An assistant behaves obstreperously during the act and the performer's temper being sufficiently strained, s/he condemns the assistant to death by decapitation. The assistant is restrained face-downwards upon a large oblong box — perhaps with just a suggestion of a coffin in shape — and his/her head is covered with a cloth. The performer wields a sufficiently large knife and saws off the assistant's head; s/he plucks it up by the hair and waves it around and walks with it here and there on the stage, gleefully proclaiming insults. S/he covers the head again (to sop up the blood, perhaps?), places it at the other end of the box, at the feet of the body; removes the cloth again and mockingly places a lighted cigarette in its mouth — after all, the head is dead, so what harm can a cigarette do to it? But the head suddenly begins to puff on the cigarette, spits it out and demands to know that the performer has done to it! Aghast, the performer covers the head again, places it at the neck of the body, kneads the neck a bit, and the assistant suddenly stands up and jeers at the performer!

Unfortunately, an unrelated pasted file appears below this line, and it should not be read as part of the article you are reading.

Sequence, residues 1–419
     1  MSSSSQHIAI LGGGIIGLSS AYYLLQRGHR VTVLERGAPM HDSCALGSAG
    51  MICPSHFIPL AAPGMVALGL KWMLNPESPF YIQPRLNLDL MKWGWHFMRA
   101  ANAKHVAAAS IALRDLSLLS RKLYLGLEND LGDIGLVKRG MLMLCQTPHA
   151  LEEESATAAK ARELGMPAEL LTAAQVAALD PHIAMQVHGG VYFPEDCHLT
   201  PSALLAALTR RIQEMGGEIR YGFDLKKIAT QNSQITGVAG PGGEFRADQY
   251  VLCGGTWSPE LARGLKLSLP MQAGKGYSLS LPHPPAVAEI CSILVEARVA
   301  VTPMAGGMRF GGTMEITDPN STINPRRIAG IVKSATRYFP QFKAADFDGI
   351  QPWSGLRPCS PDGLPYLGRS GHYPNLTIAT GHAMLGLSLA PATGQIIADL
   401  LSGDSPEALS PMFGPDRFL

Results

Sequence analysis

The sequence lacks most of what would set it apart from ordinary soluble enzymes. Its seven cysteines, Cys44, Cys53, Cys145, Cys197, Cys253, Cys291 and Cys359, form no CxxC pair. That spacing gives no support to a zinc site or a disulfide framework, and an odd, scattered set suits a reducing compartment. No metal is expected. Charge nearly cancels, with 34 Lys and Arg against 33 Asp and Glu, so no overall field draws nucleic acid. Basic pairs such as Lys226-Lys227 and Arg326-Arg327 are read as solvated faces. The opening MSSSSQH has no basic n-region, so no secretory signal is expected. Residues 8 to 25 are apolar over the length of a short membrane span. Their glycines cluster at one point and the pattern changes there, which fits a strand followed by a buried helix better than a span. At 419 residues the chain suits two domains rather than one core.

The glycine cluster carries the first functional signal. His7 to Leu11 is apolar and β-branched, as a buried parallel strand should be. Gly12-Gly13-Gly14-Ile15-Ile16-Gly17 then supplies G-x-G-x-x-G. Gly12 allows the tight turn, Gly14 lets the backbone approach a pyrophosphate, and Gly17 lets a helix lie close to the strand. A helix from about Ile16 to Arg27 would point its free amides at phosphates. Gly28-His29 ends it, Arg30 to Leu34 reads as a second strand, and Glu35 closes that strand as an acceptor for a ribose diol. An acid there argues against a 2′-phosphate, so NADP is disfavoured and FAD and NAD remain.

This is rather a resource-intensive illusion, requiring two assistants and a model head. Ideally, the assistants would be identical twins but failing that they must be very similar in build and appearance and must be dressed and made up identically. The model head must also be identical to the assistants' heads.
The box has two holes concealed by drapery or upholstery or something; one is at the "head" end and the other by the feet of the first assistant. When the first assistant is laid upon the box, as soon as his/her head is covered by the cloth, s/he ducks his/her head into the hole and the other assistant pushes the dummy head out. The performer places the dummy head over the second hole, whereupon the second assistant pulls it in and pokes his/her head out. And, of course, the procedure is reversed to complete the illusion.
For maximum effect the model head can have dripping blood controlled by a valve somewhere on its surface that the performer can turn on and off. The first assistant must breathe very imperceptibly although the performer can make sure that enough is taking place to constitute misdirection; additionally s/he'll be standing in front of the body while placing & removing the dummy head.
The original description of this trick had the performers dressed in garish clown costumes, and the executioner was dressed as a harlequin. It's doubtful these days that anybody knows who harlequin is or what he looks like. Even so, the executioner could perfectly well be another assistant, menacingly dressed for his gruesome role.